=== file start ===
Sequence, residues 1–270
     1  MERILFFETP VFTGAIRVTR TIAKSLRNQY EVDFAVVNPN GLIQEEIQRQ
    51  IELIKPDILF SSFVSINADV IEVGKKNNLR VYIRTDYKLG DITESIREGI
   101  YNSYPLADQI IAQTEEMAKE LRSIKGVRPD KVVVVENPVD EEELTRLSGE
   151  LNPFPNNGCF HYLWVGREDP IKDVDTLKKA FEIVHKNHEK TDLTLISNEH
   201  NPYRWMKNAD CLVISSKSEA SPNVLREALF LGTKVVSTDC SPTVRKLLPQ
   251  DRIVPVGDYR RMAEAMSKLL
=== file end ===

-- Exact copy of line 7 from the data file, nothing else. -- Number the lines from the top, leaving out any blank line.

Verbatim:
   251  DRIVPVGDYR RMAEAMSKLL